Brent crude was trading around its highest in nearly four years on Wednesday, on the back of a tightening oil market. The U.S. will apply sanctions to halt oil exports from Iran, the third-largest producer in the Organisation of the Petroleum Exporting Countries (OPEC), starting on Nov. 4 while a meeting of OPEC and non-OPEC oil ministers in Algiers over the weekend concluded with the 15-nation cartel and its allies refraining from an urgent boost in output.
Saudi Arabian Energy Minister Khalid al-Falih told reporters that Saudi Arabia had spare capacity to raise output but such a move was not required at the moment.
“The markets are adequately supplied. I don’t know of any refiner in the world who is looking for oil and is not able to get it,” Falih said, adding that Saudi Arabia could raise output by up to 1.5 million barrels per day (bpd) if needed.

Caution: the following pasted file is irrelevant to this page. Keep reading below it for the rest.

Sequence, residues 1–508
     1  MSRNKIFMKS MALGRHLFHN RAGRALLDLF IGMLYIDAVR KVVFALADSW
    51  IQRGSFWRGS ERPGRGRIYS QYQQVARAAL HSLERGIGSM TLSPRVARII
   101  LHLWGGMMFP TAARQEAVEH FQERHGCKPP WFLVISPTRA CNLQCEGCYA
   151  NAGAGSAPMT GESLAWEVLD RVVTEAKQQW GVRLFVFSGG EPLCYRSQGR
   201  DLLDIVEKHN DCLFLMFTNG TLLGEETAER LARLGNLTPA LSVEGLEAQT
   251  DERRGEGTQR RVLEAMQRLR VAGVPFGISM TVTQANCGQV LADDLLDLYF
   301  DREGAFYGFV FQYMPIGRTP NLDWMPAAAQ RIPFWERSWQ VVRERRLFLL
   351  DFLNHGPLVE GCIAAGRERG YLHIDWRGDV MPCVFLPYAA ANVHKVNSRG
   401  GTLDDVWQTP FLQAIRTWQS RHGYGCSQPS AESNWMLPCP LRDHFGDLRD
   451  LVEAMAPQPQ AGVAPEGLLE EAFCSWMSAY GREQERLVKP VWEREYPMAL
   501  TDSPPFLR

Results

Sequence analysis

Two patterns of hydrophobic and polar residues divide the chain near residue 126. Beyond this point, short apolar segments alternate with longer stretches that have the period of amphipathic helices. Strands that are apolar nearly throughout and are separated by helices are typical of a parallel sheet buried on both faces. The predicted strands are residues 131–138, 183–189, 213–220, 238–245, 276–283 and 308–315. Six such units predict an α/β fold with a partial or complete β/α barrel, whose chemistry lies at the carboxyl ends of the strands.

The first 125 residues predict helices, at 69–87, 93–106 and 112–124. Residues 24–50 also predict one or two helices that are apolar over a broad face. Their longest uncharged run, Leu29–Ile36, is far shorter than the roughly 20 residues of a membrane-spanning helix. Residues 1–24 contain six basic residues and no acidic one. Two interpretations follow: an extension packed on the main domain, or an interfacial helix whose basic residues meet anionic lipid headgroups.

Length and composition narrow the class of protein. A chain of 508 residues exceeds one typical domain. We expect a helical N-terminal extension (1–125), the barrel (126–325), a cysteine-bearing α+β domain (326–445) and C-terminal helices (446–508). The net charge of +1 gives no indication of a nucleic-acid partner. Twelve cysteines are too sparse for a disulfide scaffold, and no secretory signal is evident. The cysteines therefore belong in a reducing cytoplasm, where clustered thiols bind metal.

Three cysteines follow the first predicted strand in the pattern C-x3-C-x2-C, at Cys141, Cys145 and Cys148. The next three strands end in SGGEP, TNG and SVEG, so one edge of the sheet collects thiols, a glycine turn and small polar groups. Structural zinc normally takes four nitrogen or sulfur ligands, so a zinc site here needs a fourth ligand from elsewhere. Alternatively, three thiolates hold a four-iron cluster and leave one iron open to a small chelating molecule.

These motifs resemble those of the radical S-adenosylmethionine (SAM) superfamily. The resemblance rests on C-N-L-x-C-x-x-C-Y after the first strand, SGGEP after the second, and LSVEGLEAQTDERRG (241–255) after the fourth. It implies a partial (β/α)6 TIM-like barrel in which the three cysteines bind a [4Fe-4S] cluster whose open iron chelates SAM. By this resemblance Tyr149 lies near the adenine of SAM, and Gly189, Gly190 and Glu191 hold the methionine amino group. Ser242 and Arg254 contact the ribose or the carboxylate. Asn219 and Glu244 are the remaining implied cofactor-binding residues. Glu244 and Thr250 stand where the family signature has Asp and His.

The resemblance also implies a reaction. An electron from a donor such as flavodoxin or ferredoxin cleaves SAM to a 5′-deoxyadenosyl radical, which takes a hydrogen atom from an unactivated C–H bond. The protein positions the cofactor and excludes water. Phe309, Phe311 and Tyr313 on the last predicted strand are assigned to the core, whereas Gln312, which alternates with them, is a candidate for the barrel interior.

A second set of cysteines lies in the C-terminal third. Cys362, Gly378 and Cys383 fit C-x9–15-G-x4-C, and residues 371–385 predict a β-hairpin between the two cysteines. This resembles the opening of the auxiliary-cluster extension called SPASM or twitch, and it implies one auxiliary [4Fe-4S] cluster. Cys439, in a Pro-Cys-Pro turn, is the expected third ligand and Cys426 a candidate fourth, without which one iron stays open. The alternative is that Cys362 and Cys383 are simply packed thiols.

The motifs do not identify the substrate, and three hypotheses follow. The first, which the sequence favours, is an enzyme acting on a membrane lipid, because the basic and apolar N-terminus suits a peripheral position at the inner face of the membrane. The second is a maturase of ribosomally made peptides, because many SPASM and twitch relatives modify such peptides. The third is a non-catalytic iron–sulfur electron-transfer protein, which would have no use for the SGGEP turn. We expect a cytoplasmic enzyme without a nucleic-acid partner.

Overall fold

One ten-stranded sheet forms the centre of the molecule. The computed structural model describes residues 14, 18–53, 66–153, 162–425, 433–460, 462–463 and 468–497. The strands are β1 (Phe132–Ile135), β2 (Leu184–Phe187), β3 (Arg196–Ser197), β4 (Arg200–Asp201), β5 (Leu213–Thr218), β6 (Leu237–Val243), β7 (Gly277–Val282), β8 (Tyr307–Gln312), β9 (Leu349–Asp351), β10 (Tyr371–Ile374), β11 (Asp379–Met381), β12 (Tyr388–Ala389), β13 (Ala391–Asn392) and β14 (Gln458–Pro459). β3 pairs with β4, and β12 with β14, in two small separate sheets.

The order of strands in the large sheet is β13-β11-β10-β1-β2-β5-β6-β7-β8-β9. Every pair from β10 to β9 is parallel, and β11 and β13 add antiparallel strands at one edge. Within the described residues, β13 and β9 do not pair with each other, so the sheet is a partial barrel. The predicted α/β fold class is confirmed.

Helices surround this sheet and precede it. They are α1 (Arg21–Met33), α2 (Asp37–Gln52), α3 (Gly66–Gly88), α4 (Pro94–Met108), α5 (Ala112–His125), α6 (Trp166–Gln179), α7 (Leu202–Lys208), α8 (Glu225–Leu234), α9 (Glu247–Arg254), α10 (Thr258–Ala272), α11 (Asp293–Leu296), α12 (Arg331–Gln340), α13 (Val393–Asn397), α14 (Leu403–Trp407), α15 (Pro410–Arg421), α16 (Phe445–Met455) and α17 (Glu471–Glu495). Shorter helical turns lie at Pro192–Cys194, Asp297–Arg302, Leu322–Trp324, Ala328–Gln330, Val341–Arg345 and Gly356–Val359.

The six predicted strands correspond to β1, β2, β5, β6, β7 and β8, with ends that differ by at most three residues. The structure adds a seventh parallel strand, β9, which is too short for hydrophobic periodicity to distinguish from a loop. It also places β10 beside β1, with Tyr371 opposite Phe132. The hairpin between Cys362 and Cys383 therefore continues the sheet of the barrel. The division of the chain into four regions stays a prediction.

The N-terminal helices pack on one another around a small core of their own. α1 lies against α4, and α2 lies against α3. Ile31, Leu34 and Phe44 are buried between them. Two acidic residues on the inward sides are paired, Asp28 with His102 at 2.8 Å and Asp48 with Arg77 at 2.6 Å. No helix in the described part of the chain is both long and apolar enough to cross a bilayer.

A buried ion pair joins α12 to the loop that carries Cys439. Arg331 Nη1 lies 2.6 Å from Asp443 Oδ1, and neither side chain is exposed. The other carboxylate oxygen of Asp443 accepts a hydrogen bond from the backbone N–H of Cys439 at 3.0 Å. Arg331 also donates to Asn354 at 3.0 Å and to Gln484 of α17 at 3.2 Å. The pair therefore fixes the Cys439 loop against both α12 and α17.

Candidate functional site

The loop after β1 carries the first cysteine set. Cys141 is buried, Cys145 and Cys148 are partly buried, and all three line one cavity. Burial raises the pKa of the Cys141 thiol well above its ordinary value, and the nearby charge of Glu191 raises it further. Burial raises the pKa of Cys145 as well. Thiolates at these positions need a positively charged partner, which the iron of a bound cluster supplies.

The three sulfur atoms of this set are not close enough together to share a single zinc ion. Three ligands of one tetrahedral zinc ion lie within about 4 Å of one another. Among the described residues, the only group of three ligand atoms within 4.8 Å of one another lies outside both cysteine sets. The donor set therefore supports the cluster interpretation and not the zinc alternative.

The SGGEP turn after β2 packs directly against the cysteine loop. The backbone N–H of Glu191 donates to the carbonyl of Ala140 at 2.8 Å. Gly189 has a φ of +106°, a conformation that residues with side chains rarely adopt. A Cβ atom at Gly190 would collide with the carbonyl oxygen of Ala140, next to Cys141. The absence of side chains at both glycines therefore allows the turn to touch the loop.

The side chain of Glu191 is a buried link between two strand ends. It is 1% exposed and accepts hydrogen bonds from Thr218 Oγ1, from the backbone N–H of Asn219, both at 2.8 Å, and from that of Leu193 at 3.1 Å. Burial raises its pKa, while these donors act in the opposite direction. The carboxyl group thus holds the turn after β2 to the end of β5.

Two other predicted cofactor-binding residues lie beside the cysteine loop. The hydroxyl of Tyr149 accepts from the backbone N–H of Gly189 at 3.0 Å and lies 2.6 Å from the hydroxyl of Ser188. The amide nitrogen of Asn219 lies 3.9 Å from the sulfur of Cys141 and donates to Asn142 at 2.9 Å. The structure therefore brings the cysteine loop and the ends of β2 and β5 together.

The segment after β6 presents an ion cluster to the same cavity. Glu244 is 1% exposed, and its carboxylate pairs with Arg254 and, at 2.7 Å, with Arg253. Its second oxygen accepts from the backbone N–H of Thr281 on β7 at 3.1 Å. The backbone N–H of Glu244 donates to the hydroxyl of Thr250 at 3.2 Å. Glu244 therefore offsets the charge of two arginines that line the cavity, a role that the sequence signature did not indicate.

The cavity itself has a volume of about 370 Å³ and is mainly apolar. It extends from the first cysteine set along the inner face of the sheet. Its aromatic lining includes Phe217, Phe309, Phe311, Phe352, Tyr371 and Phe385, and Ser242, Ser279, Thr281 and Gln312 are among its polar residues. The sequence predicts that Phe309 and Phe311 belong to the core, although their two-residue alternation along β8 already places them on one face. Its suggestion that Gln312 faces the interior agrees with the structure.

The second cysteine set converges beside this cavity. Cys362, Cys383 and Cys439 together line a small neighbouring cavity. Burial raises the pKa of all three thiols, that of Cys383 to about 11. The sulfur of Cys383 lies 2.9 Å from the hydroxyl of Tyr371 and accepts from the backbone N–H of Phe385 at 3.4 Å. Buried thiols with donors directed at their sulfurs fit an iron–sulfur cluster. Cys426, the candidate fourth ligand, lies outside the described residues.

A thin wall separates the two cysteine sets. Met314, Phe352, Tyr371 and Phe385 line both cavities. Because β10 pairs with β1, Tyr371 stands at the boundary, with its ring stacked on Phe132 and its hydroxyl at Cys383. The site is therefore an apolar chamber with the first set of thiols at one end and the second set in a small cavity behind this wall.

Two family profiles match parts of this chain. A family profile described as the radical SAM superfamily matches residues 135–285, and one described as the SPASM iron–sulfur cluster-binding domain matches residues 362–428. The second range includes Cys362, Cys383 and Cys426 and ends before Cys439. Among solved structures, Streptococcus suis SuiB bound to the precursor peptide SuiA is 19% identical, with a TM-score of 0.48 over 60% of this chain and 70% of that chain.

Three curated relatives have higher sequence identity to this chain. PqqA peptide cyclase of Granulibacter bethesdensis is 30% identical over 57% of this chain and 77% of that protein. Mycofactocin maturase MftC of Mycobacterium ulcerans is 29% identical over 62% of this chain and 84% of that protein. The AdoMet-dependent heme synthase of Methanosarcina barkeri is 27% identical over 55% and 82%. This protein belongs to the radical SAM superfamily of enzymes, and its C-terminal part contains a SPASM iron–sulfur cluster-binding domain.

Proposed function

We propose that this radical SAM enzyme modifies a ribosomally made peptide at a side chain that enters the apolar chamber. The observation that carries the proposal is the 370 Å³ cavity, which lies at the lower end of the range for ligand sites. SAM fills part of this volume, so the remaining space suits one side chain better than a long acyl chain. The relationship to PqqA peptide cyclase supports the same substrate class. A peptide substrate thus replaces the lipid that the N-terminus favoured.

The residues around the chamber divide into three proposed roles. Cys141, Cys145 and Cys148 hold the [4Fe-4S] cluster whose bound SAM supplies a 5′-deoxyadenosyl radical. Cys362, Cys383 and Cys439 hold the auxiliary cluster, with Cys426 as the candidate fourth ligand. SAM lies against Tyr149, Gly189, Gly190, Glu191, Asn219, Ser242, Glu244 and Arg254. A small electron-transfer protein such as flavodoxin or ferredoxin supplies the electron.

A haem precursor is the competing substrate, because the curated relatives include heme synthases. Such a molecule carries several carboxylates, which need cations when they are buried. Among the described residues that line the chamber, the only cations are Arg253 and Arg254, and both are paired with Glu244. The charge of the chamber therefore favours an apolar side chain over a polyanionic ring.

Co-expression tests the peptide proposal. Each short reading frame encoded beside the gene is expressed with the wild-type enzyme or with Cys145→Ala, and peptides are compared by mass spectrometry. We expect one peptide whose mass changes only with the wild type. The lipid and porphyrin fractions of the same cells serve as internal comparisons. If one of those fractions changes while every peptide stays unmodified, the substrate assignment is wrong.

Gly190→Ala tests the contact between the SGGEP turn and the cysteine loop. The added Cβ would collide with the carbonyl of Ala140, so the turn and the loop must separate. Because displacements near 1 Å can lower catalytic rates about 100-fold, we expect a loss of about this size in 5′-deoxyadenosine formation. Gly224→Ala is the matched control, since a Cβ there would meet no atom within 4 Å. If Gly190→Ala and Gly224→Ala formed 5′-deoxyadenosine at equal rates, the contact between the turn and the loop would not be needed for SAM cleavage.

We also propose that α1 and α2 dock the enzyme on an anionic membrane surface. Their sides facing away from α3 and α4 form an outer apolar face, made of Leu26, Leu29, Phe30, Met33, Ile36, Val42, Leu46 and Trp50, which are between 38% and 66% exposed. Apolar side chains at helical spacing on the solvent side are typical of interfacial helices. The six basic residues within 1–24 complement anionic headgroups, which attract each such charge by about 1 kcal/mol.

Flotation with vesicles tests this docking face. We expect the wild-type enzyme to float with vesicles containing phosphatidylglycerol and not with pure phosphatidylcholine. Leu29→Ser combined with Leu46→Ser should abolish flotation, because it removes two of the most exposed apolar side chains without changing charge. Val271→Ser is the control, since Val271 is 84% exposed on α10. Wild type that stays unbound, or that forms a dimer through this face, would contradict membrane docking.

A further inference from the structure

The Trump administration has put repeated pressure on OPEC to bring prices down, but Iranian oil minister Bijan Zanganeh said on Monday the oil cartel had not responded positively to Trump’s demands.
Washington is also applying pressure on governments and companies around the world to fall into line and cut their purchases from Tehran.
Brent crude futures were down 49 cents at $81.38 a barrel by 1433 GMT, after gaining nearly 1 percent the previous session. Brent rose on Tuesday to its highest since November 2014 at $82.55 per barrel according to Reuters. U.S. crude futures were down 49 cents at $71.79 a barrel. They climbed on Tuesday to close at their highest level since July 11, the news agency said.
BNP expects crude around $82-85 a barrel in Q1 2019 on supply side disruption but does not expect it around $90 a barrel.
The OPEC has, in its World Oil Outlook 2018, said that the demand for OPEC crude is projected to increase to around 40 million barrels per day in 2040, up from million barrels per day in 2018. The share of OPEC crude in the global oil supply is estimated to increase from 34 per cent in 2017 to 36 per cent in 2040.